House minority leader Nancy Pelosi and eight other members of a congressional delegation that recently headed to Cuba, the Dominican Republic, and Haiti, spoke positively of the trip at a press conference on Tuesday. They not only met with government officials in each country, but they also visited the Latin American School of Medicine in Cuba, and spoke with Cuban members of civil society. “People in the streets were very enthusiastic,” said Pelosi.
Members emphasized that the trip was based on conversations between the leaders of each respective country. During the discussions, which were reportedly especially “lively” in Haiti, there were agreements but there were also disagreements -- especially when it came to discussing human rights in Cuba.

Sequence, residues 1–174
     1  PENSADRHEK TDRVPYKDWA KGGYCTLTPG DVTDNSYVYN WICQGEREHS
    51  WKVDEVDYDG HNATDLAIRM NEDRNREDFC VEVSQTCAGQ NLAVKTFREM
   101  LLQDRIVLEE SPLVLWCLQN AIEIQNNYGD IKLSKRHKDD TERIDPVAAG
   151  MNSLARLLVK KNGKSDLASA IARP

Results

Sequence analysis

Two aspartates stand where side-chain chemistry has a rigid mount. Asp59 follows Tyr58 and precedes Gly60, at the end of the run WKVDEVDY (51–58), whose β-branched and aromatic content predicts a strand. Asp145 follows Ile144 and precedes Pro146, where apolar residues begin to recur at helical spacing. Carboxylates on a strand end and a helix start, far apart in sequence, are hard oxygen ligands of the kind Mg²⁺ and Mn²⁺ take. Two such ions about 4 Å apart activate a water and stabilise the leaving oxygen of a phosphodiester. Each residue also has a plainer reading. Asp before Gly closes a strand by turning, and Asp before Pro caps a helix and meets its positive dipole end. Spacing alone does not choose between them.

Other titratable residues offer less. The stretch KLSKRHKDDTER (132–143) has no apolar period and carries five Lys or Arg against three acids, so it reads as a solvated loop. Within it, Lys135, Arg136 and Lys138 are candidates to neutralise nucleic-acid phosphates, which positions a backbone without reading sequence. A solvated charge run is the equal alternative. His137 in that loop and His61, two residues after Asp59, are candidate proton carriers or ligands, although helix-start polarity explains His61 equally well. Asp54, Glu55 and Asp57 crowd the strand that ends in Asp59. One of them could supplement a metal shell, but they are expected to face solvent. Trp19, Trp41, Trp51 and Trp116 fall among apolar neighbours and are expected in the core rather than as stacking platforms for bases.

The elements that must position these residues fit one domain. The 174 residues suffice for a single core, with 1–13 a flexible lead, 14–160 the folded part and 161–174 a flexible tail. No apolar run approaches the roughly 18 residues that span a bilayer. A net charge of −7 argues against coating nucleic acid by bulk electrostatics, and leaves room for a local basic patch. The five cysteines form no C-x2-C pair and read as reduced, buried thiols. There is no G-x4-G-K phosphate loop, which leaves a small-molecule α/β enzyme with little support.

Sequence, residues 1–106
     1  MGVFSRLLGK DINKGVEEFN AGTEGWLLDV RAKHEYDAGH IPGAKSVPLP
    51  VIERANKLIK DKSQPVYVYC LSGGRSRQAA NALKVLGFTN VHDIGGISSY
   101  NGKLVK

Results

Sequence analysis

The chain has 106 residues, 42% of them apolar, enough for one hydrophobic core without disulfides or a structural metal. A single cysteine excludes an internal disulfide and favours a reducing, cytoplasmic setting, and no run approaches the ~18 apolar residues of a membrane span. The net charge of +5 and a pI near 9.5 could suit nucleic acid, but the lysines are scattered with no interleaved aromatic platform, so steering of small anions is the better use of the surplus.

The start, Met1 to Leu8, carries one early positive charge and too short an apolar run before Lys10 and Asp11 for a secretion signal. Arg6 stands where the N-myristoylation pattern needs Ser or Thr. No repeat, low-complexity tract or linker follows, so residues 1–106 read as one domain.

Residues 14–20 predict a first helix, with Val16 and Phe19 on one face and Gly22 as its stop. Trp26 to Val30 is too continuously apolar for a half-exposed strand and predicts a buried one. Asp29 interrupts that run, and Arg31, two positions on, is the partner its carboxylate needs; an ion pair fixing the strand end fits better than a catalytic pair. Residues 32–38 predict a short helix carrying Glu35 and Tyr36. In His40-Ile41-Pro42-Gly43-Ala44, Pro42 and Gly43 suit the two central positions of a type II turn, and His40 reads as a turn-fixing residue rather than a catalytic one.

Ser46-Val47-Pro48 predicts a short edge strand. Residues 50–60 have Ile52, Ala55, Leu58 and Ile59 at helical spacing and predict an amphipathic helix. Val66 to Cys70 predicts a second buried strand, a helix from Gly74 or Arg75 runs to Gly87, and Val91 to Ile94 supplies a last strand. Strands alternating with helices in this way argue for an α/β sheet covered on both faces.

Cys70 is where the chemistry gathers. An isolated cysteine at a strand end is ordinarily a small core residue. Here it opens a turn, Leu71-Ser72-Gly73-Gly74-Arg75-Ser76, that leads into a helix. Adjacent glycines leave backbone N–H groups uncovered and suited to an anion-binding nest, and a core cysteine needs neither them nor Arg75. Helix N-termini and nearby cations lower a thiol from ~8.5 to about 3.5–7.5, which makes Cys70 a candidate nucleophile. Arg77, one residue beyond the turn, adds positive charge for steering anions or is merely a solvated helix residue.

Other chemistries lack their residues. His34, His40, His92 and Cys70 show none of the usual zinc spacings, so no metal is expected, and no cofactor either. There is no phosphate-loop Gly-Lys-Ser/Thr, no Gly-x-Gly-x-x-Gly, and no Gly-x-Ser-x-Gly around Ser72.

The ball “is now in the Cuban government’s court,” said Rep. Eliot Engel, a New York Democrat. “For us to move forward they need to make some changes.”
No topic was left untouched in any country, said Rep. Rosa DeLauro, a Democrat from Connecticut. “Conversations were frank” and DeLauro, She stated that the trip was ultimately a cultural exchange and that she wanted to lead away from ‘failed’ policies of the past.
Rep. Jim McGovern of Massachusetts encouraged establishing an embassy in Cuba and admonished the U.S. to end the embargo. He said that we need to “show Cuba and the world how a democracy functions, let us have a vote and a debate.”
While all the members of the delegation said that this was a historic moment, Steve Israel, a New York congressman, said that it was only “historic only if it leads to change.”
But for all the positivity and steps forward, Pelosi did say that the members of the delegation held “no illusions…it is a Communist country with a centralized economy.” Immediately after, she restated the need to end the embargo, however, emphasizing that ending it would be mutually beneficial in many respects.
Pelosi described the trip overall as “productive, it was positive, it was candid.”